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Catherina Cunnane
Catherina Cunnanehttps://www.thatsfarming.com/
Catherina Cunnane hails from a sixth-generation drystock and specialised pedigree suckler enterprise in Co. Mayo. She currently holds the positions of editor and general manager at That's Farming, having joined the firm during its start-up phase in 2015.
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Clients have more trust & confidence in vets in scrubs

A vet’s attire is a “form of non-verbal communication likely to inform clients’ first impressions”.

Their attire may influence confidence, comfort, and trust in a vet.

Those are the findings arising from an investigation, involving 449 pet owners, on the effects of vets’ attire on trust, confidence, and comfort in a sample of pet owners in Canada.

Researchers at the Ontario Veterinary College at the University of Guelph in Ontario, Canada spearheaded the research, which explored the psychological impact of veterinary attire.

They asked participants to share their opinions on running shoes, sleeveless tops, ear and facial piercings and hairstyles, among other specific items of appearance/attire.

They presented photos of male and female vets in eight different outfits to participants, as follows:

  1. Formal attire;
  2. White dress shirt with black pants;
  3. White casual shirt with khaki pants;
  4. Surgical scrubs;
  5. White casual shirt with jeans;
  6. Surgical scrub top with jeans;
  7. Surgical scrub top with khaki pants;
  8. White laboratory coat with khaki pants.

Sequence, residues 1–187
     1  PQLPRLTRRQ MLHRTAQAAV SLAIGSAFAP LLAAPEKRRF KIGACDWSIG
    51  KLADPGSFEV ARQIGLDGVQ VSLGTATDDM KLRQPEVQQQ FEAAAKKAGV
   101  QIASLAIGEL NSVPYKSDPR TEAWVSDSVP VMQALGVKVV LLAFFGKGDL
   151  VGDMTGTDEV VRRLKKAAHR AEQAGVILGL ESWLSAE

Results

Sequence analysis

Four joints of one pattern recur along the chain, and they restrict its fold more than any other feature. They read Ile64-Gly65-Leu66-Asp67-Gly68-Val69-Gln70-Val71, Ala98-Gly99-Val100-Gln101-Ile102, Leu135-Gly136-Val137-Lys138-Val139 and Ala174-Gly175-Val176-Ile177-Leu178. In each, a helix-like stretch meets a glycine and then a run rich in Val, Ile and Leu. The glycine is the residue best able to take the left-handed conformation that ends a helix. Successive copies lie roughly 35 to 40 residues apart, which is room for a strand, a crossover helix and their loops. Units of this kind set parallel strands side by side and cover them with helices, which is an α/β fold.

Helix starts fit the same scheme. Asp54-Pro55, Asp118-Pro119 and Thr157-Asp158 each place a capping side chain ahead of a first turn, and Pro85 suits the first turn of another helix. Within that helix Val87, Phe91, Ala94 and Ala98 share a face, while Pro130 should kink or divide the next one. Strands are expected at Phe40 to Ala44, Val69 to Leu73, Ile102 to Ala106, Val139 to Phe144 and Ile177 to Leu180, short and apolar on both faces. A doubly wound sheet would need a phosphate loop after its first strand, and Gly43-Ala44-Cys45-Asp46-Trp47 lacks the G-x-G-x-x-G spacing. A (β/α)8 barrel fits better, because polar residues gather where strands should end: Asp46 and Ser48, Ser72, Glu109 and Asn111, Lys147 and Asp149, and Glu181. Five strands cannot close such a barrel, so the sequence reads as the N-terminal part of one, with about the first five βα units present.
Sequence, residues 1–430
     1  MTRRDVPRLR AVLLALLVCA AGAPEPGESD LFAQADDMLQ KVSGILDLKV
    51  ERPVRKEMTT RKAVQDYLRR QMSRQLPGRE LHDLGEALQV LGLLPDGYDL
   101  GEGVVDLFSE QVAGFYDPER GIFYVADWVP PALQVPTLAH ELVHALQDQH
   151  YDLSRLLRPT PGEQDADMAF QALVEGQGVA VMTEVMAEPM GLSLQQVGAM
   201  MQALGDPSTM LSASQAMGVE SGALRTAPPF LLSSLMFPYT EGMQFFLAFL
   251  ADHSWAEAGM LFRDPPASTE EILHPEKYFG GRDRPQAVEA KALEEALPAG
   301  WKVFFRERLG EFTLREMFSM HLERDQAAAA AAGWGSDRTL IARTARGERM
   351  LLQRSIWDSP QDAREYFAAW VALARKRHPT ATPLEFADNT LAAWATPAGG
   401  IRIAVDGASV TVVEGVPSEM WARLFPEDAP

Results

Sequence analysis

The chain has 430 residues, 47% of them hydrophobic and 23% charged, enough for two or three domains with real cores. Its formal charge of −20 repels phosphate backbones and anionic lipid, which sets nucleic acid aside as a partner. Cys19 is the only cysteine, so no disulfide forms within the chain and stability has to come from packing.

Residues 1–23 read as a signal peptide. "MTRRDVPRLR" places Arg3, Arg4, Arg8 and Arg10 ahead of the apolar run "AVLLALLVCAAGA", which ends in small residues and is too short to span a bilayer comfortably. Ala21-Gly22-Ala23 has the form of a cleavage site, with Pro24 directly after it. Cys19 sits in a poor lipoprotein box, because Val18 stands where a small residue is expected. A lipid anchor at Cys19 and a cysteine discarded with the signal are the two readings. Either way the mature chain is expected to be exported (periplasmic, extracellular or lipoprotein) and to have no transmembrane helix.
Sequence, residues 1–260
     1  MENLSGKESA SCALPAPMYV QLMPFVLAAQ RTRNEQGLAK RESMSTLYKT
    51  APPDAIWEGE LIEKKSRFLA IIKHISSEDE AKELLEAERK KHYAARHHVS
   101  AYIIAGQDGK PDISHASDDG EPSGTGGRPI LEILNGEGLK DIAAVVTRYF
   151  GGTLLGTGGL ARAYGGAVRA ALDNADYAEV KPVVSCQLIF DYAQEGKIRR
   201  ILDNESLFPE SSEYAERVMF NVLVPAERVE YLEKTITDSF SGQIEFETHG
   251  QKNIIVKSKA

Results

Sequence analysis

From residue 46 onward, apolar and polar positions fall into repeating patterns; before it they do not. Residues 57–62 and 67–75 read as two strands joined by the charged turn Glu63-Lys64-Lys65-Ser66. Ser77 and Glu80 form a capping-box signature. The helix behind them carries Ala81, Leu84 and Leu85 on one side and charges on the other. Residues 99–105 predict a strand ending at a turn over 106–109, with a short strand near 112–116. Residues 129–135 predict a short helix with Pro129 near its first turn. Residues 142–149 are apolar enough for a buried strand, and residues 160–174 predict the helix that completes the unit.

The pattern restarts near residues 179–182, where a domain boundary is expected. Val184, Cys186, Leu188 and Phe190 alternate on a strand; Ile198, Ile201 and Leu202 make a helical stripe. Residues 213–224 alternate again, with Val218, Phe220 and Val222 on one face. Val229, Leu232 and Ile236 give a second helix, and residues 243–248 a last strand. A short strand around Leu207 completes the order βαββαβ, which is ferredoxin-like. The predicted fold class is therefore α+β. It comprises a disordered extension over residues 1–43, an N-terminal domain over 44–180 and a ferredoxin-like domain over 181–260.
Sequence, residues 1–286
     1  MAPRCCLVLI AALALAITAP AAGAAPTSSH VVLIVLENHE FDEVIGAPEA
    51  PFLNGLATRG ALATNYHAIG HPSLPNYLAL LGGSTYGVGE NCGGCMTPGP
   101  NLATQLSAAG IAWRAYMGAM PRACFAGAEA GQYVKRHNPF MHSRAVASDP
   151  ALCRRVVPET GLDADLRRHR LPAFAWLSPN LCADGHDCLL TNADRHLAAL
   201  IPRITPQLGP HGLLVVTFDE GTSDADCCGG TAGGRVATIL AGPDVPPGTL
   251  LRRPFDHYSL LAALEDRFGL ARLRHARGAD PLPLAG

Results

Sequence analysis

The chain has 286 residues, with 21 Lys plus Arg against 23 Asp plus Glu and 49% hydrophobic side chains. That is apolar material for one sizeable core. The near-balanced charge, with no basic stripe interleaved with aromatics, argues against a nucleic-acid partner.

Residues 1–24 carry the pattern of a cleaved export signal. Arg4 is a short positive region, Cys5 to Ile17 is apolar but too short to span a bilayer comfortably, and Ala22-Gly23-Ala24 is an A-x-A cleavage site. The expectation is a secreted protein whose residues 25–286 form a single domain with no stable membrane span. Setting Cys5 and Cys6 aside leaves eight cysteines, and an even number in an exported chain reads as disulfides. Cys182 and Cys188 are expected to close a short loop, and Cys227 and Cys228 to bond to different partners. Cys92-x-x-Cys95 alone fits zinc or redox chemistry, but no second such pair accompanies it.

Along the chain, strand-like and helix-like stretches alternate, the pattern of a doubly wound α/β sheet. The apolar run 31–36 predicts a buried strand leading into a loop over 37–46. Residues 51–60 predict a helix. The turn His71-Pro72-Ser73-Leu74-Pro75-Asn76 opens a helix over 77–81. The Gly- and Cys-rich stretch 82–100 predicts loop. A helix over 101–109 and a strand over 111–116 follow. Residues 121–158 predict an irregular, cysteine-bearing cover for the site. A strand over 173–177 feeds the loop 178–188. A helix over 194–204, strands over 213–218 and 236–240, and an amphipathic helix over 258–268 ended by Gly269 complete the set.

Vet’s attire

They had to rank the attires based on merits of confidence, trust, and comfort from a scale of 1 (low) to 7 (high).

The paper – which is available via ResearchGate and published by the Journal of the American Veterinary Medical Association – indicated that 71% of participants believe that vets’ attire was “important”.

Surgical scrubs topped the list for confidence, comfort, and trust, while formal attire was the least preferred.

A casual shirt and jeans gained the lowest trust and confidence scores. Meanwhile, formal attire was voted the weakest for model vets.

Other key findings:

  • 66% believe vets should wear a name tag while interacting with clients and their pets;
  • Running shoes: 64% rated as appropriate;
  • Sleeveless tops: 58% rated as inappropriate.

Following the above results, researchers have urged veterinary personnel and management to consider how attire and general appearance represent staff members of their practice.

Other articles on That’s Farming:

‘Once we always saw farmer’s sons becoming vets’

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